This October, the Senate Foreign Relations Committee is scheduled to reconsider a United Nations treaty defending the rights of people with disabilities. Hopefully, this time around the panel will put the treaty back on track to ratification.
The United Nations Convention on the Rights of Persons with Disabilities was signed by President Obama in 2009. Since then, it has been signed and ratified by 132 countries including Canada, Ireland and the European Union. Even the Castro regime, China and Sudan – hardly iconic world leaders in human rights and human dignity – have ratified the treaty. But the U.S. Senate, whose constitutional job it is to provide advice and consent on treaties, has sat on the sidelines.
The treaty declares that all people, regardless of ability, deserve to live in dignity, safety and equality under the law. It affirms the values of economic self-sufficiency, non-discrimination and self-determination.
Sounds like the principles of the United States – and that’s not by accident. The treaty was designed to mirror our own Americans with Disabilities Act by requiring signatory nations to meet certain standards for the disabled that have been set by the United States. You’d think this would be a no-brainer for the Senate to ratify. But in a shocking 61-to-38 vote (five votes short of the needed two-thirds majority) last December, the Senate failed to ratify it.
As the commander of the U.S. combat brigade in Diyala Province, Iraq from 2006 – 2007, I fought for a rule of law that would be based, in part, on the high standards of the United States. While in Iraq, I passed through villages caring for children injured by the conflict and children who were born with disabilities. These children were loved, but the villages could be doing so much more. There were no schools for Downs Syndrome kids or ramps and access for amputees. This treaty, which Iraq has ratified, would open the dialogue so that such support might become a reality.
I also fought so that my fellow service members who became disabled as a result of fighting for justice could enjoy the same rights outside the United States as they do here at home. That’s one reason why Sen. John McCainJohn Sidney McCainOur military shouldn't be held hostage to 'water politics' Meghan McCain blames 'toxic' hostility for 'The View' exit Beware the tea party of the left MORE, (R-Ariz.), and former Sen. Bob Dole, (R-Kan.), both of whom suffered disabilities as a result of their military service, support the treaty. So do nearly 20 military organizations including the American Legion and the Veterans of Foreign Wars.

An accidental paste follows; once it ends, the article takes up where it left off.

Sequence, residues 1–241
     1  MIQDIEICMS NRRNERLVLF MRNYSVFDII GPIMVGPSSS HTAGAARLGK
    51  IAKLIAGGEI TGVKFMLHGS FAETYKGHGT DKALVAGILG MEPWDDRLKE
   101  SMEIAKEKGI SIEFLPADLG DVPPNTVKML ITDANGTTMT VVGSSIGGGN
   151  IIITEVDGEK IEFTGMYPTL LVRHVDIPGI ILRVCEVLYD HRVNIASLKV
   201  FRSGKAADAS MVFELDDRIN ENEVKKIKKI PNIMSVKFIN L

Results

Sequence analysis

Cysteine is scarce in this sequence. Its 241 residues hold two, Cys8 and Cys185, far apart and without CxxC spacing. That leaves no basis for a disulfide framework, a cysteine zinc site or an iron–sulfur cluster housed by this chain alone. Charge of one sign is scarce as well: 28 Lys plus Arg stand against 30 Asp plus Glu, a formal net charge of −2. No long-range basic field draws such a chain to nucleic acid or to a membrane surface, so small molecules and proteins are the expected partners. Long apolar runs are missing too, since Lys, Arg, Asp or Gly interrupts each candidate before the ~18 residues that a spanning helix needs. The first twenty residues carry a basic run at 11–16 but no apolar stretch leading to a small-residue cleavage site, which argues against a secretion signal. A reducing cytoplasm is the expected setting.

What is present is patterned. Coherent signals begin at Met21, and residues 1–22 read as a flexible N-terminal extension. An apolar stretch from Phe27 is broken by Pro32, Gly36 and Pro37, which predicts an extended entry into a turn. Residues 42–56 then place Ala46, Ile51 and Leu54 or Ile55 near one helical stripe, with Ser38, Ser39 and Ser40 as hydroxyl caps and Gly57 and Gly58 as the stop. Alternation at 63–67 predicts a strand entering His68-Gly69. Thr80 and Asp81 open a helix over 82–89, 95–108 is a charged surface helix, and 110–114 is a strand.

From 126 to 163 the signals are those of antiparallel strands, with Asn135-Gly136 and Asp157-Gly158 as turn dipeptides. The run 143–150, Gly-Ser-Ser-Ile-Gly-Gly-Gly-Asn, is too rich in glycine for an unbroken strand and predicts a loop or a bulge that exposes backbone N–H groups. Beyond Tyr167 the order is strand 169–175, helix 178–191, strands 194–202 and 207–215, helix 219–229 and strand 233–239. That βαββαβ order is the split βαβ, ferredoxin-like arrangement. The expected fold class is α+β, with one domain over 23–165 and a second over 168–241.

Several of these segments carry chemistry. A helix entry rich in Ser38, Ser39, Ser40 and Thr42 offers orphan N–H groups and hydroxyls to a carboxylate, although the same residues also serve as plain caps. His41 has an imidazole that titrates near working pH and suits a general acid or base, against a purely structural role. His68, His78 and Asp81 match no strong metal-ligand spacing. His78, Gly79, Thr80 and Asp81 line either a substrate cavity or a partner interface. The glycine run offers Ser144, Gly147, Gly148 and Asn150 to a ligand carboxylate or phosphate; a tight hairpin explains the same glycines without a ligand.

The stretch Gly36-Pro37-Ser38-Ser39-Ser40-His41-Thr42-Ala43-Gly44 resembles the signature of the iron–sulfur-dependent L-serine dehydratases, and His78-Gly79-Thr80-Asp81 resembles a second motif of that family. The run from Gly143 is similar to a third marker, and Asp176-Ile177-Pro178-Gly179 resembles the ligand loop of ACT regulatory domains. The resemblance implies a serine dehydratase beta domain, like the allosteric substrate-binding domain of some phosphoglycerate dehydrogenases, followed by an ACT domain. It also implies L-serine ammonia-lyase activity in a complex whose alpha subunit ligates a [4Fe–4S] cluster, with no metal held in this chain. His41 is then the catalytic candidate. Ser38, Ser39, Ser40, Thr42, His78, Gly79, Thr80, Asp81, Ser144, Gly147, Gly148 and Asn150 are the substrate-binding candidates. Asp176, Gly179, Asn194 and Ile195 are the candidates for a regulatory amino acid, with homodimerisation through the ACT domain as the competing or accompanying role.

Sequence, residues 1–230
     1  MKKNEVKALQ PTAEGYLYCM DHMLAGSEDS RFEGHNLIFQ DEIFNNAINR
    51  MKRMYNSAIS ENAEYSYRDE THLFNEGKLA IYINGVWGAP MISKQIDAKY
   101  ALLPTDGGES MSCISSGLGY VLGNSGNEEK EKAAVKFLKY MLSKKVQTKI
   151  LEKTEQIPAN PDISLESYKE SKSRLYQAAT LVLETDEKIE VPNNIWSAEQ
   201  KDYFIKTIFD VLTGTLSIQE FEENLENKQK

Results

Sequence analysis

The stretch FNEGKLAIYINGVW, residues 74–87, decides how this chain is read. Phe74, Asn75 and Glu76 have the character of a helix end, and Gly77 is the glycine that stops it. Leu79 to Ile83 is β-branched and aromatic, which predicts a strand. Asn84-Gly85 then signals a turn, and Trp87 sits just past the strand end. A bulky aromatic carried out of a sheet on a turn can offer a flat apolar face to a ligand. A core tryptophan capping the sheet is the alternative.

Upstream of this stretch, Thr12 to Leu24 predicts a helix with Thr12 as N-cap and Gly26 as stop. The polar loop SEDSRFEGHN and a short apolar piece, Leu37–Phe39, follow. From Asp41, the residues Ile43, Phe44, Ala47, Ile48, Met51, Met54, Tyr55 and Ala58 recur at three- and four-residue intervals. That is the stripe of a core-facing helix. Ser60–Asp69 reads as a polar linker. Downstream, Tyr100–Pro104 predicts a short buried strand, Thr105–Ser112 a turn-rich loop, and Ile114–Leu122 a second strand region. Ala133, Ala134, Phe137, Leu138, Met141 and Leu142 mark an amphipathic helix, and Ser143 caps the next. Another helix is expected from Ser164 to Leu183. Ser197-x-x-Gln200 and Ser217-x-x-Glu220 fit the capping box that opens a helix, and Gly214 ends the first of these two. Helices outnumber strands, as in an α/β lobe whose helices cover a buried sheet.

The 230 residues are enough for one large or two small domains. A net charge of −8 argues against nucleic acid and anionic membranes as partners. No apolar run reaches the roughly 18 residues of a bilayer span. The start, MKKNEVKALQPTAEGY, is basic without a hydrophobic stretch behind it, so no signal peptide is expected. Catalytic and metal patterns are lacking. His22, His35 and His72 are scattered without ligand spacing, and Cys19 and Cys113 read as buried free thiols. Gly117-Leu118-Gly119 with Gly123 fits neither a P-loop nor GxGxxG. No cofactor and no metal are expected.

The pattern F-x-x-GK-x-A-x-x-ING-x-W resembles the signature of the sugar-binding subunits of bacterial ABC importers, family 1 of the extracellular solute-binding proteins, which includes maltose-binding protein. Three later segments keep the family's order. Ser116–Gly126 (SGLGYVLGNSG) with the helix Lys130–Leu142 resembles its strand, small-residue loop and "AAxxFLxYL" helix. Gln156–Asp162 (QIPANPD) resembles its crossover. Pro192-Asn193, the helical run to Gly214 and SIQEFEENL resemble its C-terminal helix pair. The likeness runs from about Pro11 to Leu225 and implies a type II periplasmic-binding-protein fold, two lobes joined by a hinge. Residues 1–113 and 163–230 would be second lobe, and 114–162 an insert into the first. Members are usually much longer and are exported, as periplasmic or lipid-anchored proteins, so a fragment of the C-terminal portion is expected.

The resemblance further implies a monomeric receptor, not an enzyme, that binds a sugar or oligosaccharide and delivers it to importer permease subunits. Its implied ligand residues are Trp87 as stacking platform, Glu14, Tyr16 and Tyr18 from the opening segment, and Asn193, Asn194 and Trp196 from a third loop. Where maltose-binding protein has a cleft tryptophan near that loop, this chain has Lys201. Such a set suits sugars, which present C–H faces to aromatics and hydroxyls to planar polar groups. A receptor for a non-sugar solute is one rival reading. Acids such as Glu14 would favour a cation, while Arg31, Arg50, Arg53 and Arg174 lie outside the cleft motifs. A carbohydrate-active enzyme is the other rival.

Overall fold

Another veteran, then-Sen. John KerryJohn KerryPressure grows for breakthrough in Biden agenda talks Overnight Energy & Environment — Presented by ExxonMobil — Climate divides conservative Democrats in reconciliation push Equilibrium/Sustainability — Presented by Altria — Walrus detectives: Scientists recruit public to spot mammal from space MORE, (D-Mass.), supports the treaty. The treaty, Kerry argued, “says that you can’t discriminate against the disabled. It says that other countries have to do what we did 22 years ago when we set the example for the world and passed the Americans with Disabilities Act.” Now, as the nation’s top diplomat, Kerry is in the awkward and embarrassing position of explaining this failure by the world’s leader on disabled rights issues.
So what exactly is the problem that critics have with the treaty?
Opponents argue that this treaty will change laws in the United States and give the United Nations oversight of health and education choices that parents with special needs children make. Onetime GOP presidential candidate Rick Santorum wrote on his website that the treaty “would trump state laws and could be used as precedent by state and federal judges.” Santorum, an attorney, should know better: U.S. courts only allow U.S. law to serve as a basis for litigation.
Ratification of the Convention won’t change any laws, and this treaty doesn’t dictate. Rather, it allows the U.S. to participate in discussions where best practices are shared. And it encourages other countries to raise their own standards. There is nothing dictatorial or proscriptive about that.
Ratification “would position the United States to occupy the global leadership role to which our domestic record already attests,” President Obama said. “We would thus seek to use the Convention as a tool through which to enhance the rights of Americans with disabilities, including our veterans.”
Senate ratification and “mobilizing greater international compliance could also level the playing field for American businesses, who already must comply with U.S. disability laws, as well as those whose products and services might find new markets in countries whose disability standards move closer to those of the United,” Obama said.
When the Convention on the Rights of Persons with Disabilities is reintroduced in the Senate this October, lawmakers will have a second chance to do the right thing. In life, it is very rare indeed that we have the opportunity to correct major mistakes. The Senate will get that opportunity. Lawmakers need to make the right choice.
Sutherland is co-founder and chairman of the Dixon Center for Military and Veterans Community Services, an enterprise of Easter Seals. He commanded the U.S. combat brigade in Diyala Province, Iraq (2006-2007) and served as Special Assistant to the Chairman of the Joint Chiefs of Staff (2009-2012) with a focus on warrior and family support.